Have you ever wanted to lower tuition? Elect the president? Build some new buildings on campus? Invest University money in something? Divest it from something? Just allocate some funds?
In the bureaucratic structure of the University administration, there is a high council able to make these decisions: the Board of Trustees. Its role, as set forth in the Articles of Incorporation of the University, is expressed in the statement, “The acts of the Board of Trustees shall be the acts of the corporation [i.e. the University of Chicago] for all purposes.”
But how would one go about joining this elite group?
One way of answering this question is to look at how the current board of 48 trustees breaks down.
If you’re trying to figure out what job to take in order to end up on the board, the private sector is your best bet. Thirty-seven of the trustees come from the business, corporate, and development worlds. Six are involved in non-profit organizations, government, or think tanks, while three are lawyers, and two work in education.
The way that trustees are chosen varies, said trustee King Harris. “Alumni suggest people; sometimes board members have ideas,” he said. “My uncle, Irving Harris, who was a trustee and a great supporter of the University, urged me to consider getting involved in the U of C.”
Being rich would not hurt your odds. The number of trustees coming from the world of for-profit enterprise can be partly explained by the financial giving associated with being on the board. For example, as of last November, trustees have given more than $11 million toward undergraduate scholarships as part of the Chicago Initiative.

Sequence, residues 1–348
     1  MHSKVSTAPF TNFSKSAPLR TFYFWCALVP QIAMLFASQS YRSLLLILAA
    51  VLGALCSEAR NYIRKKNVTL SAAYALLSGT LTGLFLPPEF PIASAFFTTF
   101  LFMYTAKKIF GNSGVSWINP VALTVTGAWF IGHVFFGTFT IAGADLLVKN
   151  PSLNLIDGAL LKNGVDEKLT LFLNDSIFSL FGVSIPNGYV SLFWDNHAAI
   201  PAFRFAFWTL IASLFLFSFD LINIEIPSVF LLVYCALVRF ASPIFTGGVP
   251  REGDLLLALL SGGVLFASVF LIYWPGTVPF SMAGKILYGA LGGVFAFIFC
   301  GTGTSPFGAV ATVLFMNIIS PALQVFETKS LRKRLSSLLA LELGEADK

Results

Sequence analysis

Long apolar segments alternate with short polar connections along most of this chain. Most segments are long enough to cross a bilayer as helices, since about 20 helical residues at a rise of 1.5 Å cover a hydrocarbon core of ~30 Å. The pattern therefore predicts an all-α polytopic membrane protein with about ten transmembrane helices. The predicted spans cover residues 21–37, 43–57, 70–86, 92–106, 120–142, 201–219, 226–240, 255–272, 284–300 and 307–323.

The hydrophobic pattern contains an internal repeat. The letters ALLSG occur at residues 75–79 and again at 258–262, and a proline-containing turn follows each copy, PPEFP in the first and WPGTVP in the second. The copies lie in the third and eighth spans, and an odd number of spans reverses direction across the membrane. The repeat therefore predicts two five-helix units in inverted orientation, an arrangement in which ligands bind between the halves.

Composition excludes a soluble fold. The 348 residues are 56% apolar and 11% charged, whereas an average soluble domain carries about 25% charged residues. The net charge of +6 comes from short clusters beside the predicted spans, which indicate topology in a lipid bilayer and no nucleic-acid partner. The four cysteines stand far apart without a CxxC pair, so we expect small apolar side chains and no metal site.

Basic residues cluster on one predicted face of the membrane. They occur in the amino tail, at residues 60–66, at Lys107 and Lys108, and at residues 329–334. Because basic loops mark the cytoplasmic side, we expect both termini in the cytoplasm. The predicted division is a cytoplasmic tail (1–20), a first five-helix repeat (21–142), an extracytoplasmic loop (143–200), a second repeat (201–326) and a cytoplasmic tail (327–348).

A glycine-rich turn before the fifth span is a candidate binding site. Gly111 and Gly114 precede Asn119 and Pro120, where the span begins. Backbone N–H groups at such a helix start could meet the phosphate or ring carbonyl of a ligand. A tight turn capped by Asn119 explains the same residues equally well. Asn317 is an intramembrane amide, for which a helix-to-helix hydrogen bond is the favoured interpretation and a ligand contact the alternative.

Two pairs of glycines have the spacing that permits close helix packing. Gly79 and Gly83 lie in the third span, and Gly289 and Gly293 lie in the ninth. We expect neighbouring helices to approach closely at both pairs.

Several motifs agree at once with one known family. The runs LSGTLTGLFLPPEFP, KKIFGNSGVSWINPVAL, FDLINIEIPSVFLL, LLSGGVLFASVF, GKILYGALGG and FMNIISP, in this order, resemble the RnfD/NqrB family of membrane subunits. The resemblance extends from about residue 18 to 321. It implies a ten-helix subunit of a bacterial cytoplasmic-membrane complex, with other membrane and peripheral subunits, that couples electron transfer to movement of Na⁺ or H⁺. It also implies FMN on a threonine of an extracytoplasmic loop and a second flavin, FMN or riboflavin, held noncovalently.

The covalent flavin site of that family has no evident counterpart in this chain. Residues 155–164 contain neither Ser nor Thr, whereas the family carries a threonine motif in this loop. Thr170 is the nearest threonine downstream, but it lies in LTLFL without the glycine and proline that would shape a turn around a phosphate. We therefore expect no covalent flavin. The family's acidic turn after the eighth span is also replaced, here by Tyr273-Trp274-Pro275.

“Nobody said to me when I joined that there was a specific financial requirement,” Harris said. However, “all of us understand that if there’s any way we can support the University, we should,” he added.
Graduating from the U of C isn’t a prerequisite. A majority of trustees have either a, A.B., S.B., or M.B.A. from the University, but 13 of them never went to school here.
If you’re much older than 70 you can count yourself out, too; the Articles of Incorporation don’t allow trustees to serve after the annual board meeting following their 70th birthday.
Seven members have names ending in “Jr.” or “III,” but the pictures on the trustee website show only two trustees have facial hair. (One of them is governor of New Jersey.)
The board has only eight female members.
Trustee demographics vary from school to school. At Columbia University, for example, where many trustees also come from the fields of business and law, one third of the 21-trustee board is female.
If none of these suggestions work out, you can always shoot for the less powerful position of Honorary Trustee. It might be a little difficult too, though; the only current ones are former University presidents Don Randel and Hugo Sonnenschein.